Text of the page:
The differentiating business characteristic of some labs is their focus on marketing diagnostic tests on a direct-to-consumer (DTC) basis. However, as evidenced by the recent experiences of two DTC-focused laboratory businesses—23andMe and Theranos—it’s apparent that such a strategy can encounter significant regulatory challenges. “FDA closely scrutinizes tests marketed directly to consumers, will issue warning letters or take other regulatory action when it perceives there is a problem, and can stop the marketing of such tests,” says Charles J. Andres, JD, PhD, RAC,?an associate in the Washington, DC, office of Wilson Sonsini Goodrich & Rosati PC specializing in patent and innovation strategies and FDA/life sciences.
“FDA’s thinking has evolved in this area,” says Andres. “For example, the agency recently published a Federal Register notice indicating its intent to exempt from premarket notification (510(k)) requirements autosomal recessive carrier screening gene mutation detection systems.3 However, such tests would still be subject to special controls, including requirements to post clinical validity and detailed analytical performance data on the company’s website, and to use collection devices that are FDA cleared, approved, or 510(k)-exempt. Meanwhile, tests for clinically relevant gene mutations associated with cystic fibrosis would not be 510(k)-exempt, as they are subject to premarket notification requirements under a separate section of the Federal Food, Drug, and Cosmetic Act.
“Marketing such tests directly to consumers can create issues,” says Andres. “But DTC marketing may also create opportunities for labs to expand their geographical testing footprint and revenues.”
Point-of-care testing remains a major interest among laboratorians, and a significant growth area for in vitro diagnostics manufacturers. But access to the convenience and speed of point-of-care tests—even when they have been assigned a waived complexity category under the terms of the Clinical Laboratory Improvement Amendments of 1988 (CLIA)—is not a solution for all diagnostic needs. Critics observe that point-of-care tests are sometimes not used according to their instructions, and experts caution that proper use is essential for attaining correct test results.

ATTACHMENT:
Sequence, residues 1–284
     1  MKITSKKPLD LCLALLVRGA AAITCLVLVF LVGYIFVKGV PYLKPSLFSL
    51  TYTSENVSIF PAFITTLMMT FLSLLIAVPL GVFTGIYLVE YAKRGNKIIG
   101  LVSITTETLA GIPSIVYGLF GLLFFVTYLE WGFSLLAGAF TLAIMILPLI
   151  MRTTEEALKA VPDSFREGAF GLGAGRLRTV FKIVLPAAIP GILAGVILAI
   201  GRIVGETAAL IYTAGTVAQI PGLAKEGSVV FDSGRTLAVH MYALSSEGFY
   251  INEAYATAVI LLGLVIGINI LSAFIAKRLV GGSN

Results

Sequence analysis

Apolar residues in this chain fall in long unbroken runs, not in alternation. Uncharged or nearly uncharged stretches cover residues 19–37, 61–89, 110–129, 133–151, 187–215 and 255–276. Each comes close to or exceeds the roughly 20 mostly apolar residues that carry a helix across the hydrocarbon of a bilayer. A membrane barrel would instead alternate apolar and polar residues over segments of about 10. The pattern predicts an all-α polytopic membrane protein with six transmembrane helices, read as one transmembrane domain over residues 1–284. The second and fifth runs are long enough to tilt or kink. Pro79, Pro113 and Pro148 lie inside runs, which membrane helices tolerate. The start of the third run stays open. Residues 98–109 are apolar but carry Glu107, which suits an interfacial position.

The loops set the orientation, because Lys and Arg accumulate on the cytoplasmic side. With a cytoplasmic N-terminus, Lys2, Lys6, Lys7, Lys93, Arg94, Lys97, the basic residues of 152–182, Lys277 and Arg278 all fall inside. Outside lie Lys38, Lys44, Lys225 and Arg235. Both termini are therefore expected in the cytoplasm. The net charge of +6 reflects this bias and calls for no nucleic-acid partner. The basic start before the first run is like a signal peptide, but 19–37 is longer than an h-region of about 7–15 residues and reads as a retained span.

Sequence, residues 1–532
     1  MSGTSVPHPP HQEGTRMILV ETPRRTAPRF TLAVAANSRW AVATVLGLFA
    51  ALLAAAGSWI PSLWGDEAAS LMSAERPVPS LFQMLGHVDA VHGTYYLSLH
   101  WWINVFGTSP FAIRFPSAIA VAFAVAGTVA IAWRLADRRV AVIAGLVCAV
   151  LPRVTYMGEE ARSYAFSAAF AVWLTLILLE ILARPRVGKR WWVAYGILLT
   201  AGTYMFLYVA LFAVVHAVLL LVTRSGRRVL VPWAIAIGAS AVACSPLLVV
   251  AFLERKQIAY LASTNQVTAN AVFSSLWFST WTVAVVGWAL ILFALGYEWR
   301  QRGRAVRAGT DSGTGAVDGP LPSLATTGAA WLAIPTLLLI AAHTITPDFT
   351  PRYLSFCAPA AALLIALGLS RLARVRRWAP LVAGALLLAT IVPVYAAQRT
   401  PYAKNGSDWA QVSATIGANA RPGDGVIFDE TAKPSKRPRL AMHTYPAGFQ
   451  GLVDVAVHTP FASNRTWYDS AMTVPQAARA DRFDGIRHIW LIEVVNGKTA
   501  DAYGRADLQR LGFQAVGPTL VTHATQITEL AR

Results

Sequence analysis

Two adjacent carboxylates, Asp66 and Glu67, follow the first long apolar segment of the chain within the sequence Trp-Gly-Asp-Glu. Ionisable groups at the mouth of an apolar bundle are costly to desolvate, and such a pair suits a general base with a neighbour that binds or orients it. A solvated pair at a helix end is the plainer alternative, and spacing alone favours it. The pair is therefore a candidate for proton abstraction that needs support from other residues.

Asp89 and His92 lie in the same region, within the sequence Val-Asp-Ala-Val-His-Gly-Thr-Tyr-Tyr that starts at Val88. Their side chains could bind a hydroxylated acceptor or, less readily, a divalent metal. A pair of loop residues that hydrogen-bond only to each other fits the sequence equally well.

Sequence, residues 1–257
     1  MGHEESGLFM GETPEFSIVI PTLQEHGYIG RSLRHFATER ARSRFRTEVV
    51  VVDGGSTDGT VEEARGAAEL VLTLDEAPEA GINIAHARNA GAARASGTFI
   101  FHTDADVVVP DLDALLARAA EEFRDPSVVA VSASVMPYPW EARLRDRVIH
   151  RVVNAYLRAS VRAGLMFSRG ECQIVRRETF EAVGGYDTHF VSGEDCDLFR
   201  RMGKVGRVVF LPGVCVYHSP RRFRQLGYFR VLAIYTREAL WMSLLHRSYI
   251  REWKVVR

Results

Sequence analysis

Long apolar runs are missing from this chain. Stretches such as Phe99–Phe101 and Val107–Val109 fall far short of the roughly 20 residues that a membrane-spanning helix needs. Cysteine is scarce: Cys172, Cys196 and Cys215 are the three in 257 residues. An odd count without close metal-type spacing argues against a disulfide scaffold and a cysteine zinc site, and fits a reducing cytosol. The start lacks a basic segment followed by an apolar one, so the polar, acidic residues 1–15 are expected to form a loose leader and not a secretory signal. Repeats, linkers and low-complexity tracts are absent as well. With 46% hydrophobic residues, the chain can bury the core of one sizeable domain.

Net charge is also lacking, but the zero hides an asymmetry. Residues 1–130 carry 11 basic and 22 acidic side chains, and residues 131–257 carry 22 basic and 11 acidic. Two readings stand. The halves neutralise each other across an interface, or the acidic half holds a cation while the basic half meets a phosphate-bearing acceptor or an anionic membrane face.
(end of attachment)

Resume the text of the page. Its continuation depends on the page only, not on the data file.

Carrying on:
“Point-of-care testing can help lab managers more efficiently manage and conserve the use of resources by triaging specimens,” says BD’s Murray. “In the case of influenza, point-of-care testing can provide laboratorians, in addition to providers, with quick access to information that will help aid in the diagnosis of influenza A and B. Point-of-care tests such the BD Veritor System Flu A+B, a digital immunoassay, can ultimately play a role in decreasing the incorrect use of antibiotics or antiviral medications as well as decreasing unnecessary ancillary testing.”
Many clinical labs are involved in the development of new and emerging technologies for clinical lab applications. In some cases, such efforts are focused on laboratory-developed procedures to be performed within the lab’s own facilities. But labs are also engaged with in vitro diagnostics manufacturers to examine and refine future generations of instruments and related tests, giving them advanced insight into such products long before they are ready for commercialization.
“TriCore is fortunate to be quite active in device trials with many national and international IVD companies,” says Remillard. “Since we are under nondisclosure agreements we’re unable to disclose specifics, however we are confident we are getting a first look at many new methodologies.
“We are interested in all, but have a specific interest in near-patient testing with data transmission capabilities. TriCore is working closely with New Mexico communities and various colleagues throughout the world to improve the way laboratory medicine is accessed and data is delivered.”